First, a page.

Genuine believers acknowledge their size beneath the greatness of their Maker, and so they behave with humility when they deal with other people. They do not act arrogantly. Genuine believers are blessed with an inner peace and they are content with what God gave them. This inner peace and content is in their hearts, and it radiates from their faces:

You recognise
in their faces the radiance of bliss. 83:24

This inner peace is a blessing granted by God (through the angels) to the believers:

Those who said, "Our Lord is God," then went straight, the angels descend upon them: "
Do not fear nor grieve, but rejoice in the good news of Paradise which you were promised. 41:30

Just like the traits of the believers are evident in their faces, we read in the Quran that the traits of the disbelievers are also evident in their faces:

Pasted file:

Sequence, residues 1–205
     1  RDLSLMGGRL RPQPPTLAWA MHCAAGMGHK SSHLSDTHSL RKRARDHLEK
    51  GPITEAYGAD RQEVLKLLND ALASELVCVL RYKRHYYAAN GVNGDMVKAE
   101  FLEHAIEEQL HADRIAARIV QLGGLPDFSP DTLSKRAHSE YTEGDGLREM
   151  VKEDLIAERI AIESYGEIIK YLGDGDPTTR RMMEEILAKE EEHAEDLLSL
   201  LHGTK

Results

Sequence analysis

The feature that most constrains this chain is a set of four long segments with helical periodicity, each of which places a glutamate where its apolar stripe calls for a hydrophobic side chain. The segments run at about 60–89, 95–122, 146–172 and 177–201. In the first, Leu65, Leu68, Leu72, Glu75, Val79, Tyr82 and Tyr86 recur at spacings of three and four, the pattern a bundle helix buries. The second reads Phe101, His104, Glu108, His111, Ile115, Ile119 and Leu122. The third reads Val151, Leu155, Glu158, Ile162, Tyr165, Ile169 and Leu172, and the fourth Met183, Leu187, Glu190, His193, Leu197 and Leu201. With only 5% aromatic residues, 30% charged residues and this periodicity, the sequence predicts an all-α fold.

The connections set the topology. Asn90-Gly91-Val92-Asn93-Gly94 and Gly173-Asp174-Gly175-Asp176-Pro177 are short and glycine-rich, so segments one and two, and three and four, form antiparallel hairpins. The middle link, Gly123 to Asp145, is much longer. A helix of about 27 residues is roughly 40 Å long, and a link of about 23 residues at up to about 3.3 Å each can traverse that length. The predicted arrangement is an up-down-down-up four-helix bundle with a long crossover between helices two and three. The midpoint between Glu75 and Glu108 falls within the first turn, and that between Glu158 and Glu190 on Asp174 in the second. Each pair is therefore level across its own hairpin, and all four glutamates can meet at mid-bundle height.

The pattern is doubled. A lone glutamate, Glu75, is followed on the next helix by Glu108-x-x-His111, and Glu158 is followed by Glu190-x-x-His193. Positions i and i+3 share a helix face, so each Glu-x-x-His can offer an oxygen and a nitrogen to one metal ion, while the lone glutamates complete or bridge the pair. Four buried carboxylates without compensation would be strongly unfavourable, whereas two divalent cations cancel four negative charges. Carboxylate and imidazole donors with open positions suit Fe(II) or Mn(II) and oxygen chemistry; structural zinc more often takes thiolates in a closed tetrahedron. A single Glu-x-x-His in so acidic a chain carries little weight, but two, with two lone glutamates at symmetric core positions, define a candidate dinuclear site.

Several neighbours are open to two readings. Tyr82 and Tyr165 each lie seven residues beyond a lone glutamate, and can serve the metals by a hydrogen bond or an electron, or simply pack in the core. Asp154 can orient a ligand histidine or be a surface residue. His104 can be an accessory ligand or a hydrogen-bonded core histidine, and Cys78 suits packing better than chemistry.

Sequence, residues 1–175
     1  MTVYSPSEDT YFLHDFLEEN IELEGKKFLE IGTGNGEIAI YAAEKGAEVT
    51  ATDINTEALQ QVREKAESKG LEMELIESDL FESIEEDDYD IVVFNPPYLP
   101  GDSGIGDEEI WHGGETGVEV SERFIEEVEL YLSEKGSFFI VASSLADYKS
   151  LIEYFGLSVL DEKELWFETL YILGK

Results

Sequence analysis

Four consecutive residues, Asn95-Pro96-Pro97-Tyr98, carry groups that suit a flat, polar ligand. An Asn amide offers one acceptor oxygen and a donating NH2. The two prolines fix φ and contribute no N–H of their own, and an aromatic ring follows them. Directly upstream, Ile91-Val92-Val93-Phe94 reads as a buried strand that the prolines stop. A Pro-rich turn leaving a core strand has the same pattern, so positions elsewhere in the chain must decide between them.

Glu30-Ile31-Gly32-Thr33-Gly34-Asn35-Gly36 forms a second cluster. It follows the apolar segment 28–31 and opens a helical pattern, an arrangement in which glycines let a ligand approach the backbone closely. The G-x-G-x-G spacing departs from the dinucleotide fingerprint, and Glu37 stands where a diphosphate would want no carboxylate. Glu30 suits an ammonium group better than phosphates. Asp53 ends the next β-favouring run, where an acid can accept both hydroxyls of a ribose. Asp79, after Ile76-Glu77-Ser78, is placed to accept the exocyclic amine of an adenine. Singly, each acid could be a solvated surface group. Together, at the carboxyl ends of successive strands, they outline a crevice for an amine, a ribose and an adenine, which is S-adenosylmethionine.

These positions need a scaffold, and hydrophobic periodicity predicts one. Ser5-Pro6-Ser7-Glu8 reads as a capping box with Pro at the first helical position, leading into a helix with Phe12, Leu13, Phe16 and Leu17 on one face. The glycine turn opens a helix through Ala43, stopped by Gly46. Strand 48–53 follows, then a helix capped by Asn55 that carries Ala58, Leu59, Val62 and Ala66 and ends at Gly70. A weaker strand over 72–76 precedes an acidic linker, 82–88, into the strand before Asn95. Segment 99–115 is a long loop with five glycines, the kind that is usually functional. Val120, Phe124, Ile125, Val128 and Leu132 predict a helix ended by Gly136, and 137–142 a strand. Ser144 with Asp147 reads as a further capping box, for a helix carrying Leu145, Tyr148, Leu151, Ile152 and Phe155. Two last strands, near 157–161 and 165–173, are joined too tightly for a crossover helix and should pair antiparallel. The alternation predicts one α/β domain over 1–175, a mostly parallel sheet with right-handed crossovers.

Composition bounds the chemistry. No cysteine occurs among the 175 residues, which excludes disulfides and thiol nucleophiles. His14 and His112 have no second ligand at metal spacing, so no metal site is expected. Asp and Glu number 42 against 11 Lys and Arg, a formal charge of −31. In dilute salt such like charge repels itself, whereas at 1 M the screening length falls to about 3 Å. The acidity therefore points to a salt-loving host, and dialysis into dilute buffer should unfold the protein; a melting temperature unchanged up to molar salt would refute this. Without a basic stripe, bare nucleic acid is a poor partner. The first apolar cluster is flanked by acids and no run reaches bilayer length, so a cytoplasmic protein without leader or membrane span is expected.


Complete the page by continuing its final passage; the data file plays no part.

When Our clear revelations are recited to them,
you detect evil in the faces of those who disbelieve. They almost assault those who recite Our revelations to them! 22:72

No one (yet) has interpreted the underlined words in 22:72 to mean dark physical marks on the foreheads of the wicked!

To conclude, the intended meaning in 48:29, as well as 22:72, has nothing to do with physical marks on the face. Had the meaning been physical marks, the words would have been (on the faces). Physical marks that are evident to the lookers must be on the faces to be seen rather than in (inside) the faces.
However, the traits and characteristics of the people emanate from their hearts. They come from within the person, hence the use of the word (in).